Viburnum Pragense

Need a fast growing viburnum for a hedge? Check out Prague viburnum. 

By: Julie A Martens

Consider planting Viburnum pragense the next time you’re in need of a hedge and want a plant with year-round interest. Pragense viburnum has glossy evergreen leaves accented by white flowers in spring and berries from summer through early winter. Viburnum is a fast grower and quickly fills in to form a living screen.

Viburnum pragense originates from a nursery in Prague. It’s actually the result of a cross between Viburnum rhytidophyllum and Viburnum utile that was done at the Prague Municipal Gardens in what was then the Czech Republic. Viburnum pragense is hardy in Zones 5 to 8. It’s evergreen throughout most of the growing range, although plants in the northernmost areas may drop leaves in winter. Typically Viburnum pragense survives to minus 17 F with no bud or stem damage, although leaf burn is pretty severe at those low temperatures.

One thing Viburnum pragense brings to the viburnum party is striking evergreen leaves. Like one of its parents, Viburnum x rhytidophyllum, Viburnum pragense leaves have deep veins that produce a puckered pattern on the leaf surfaces. The leaves are glossy and deep green with felted gray backs. The combination is eye-catching when the wind blows.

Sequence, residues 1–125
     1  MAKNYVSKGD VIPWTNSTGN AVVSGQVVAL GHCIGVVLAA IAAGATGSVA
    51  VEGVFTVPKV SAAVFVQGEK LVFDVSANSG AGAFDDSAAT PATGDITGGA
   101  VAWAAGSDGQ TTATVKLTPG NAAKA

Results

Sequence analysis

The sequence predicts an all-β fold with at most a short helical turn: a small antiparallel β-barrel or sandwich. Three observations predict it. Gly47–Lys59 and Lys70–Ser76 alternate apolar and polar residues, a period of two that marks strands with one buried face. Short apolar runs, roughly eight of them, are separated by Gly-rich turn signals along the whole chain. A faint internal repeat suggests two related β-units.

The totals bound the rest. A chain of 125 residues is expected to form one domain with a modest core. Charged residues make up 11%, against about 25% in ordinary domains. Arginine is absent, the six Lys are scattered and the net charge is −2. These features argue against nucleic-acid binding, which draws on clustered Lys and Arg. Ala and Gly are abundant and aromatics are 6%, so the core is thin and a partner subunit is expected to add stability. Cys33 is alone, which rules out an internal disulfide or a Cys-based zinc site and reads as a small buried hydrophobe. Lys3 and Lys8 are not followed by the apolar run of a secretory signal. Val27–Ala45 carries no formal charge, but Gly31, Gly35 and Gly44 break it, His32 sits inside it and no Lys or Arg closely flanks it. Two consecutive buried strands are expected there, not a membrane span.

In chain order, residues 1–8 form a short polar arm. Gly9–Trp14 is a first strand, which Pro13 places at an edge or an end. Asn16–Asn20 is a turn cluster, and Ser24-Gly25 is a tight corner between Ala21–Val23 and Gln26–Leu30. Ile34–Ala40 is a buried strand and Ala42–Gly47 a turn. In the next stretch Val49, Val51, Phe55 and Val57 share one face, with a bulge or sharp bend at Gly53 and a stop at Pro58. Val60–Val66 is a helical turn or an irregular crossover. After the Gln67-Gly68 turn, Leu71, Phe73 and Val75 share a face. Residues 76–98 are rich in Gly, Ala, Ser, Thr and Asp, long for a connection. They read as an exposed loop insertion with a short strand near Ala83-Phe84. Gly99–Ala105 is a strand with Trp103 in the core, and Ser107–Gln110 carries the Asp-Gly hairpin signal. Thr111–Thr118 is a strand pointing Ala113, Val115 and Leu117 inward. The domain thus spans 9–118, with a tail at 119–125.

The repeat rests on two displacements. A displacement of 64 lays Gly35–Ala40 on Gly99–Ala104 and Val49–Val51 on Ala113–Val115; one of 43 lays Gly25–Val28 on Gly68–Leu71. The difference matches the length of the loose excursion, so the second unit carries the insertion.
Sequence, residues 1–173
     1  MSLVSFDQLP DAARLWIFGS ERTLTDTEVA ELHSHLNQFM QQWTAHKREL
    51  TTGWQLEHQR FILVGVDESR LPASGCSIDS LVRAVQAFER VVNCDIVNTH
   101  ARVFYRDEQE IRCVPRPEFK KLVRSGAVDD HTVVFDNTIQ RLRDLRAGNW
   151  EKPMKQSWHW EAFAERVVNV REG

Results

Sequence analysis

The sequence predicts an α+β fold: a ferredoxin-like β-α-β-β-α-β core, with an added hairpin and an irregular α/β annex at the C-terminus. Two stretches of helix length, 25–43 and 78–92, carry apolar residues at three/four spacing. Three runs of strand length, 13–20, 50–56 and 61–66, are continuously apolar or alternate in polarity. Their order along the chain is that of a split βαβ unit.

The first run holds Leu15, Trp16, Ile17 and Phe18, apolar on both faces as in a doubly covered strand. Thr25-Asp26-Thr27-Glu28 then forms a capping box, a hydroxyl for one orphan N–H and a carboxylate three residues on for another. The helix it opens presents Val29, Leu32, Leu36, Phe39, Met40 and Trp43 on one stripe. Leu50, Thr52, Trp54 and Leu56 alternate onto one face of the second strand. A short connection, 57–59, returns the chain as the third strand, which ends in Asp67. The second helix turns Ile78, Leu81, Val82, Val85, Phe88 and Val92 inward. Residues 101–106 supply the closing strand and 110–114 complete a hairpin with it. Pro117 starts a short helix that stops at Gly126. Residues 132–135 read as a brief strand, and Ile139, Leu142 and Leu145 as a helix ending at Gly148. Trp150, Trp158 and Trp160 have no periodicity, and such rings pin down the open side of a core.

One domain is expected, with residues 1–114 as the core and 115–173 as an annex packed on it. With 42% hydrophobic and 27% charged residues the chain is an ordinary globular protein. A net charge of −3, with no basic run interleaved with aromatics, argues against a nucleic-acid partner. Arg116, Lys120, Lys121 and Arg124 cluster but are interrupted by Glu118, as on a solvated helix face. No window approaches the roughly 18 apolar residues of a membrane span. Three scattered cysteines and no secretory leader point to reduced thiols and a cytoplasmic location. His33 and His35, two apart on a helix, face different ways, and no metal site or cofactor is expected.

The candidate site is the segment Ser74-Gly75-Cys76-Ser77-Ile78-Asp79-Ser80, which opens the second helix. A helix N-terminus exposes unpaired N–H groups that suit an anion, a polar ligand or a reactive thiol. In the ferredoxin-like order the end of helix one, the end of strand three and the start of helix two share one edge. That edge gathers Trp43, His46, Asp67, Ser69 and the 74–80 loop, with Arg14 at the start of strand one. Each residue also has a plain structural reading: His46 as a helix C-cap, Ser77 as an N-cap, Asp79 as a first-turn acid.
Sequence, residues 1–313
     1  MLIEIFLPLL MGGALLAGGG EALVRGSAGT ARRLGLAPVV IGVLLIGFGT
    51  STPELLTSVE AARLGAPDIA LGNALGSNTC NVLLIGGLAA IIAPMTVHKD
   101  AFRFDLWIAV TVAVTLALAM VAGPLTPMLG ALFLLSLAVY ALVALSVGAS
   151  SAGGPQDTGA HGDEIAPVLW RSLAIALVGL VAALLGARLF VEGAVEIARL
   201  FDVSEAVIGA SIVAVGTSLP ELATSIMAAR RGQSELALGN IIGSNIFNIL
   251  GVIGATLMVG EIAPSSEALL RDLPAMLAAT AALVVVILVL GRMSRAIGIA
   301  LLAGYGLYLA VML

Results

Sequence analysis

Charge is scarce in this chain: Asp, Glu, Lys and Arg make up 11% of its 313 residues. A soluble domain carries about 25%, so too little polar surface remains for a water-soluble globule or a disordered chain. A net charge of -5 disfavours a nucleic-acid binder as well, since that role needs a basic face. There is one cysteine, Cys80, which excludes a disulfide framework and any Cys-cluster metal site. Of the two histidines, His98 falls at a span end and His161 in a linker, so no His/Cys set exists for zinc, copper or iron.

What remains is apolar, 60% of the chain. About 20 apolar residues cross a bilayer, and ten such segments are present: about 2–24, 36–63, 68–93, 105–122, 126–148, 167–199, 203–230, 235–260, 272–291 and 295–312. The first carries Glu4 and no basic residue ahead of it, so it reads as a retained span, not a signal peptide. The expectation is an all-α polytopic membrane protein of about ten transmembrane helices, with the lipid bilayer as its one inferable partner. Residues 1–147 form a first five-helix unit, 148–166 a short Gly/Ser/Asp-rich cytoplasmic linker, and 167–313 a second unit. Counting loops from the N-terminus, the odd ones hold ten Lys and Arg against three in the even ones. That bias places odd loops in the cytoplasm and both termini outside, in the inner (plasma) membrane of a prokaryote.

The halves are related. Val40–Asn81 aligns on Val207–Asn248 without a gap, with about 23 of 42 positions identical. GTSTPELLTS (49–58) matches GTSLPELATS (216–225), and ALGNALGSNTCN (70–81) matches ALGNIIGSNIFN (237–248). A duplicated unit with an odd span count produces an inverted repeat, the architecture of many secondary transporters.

Viburnum pragense opens creamy white to palest pink blooms that measure 3 to 6 inches across. Flowers attract all kinds of insects, including beneficial ones like bees and predatory wasps. If pollinated, blossoms form berries that shift from red to glossy black, lingering on plants into early winter.

In coldest regions, Viburnum pragense plants may drop leaves over winter. If this occurs, wait until spring is well underway before cutting stems back. If leaves don’t appear, cut stems to the ground. Stems won’t bloom that year, but flowers should appear the following spring. 

A fast grower, Viburnum pragense withstands pruning easily and actually benefits from it. Pruning side branches causes the plant to develop a more densely branched interior. Topping the plant also works well to encourage interior branching and a fuller plant. Left unpruned, Viburnum pragense grows to 10 feet tall by 8 to 10 feet wide.

One of the favorite ways to use Viburnum pragense in the landscape is as a hedge, although the plants can hold their own as a specimen shrub. It thrives in fertile, moist, well-drained soil. Full sun to dappled shade works well, although Viburnum pragense definitely benefits from shade in the Deep South.

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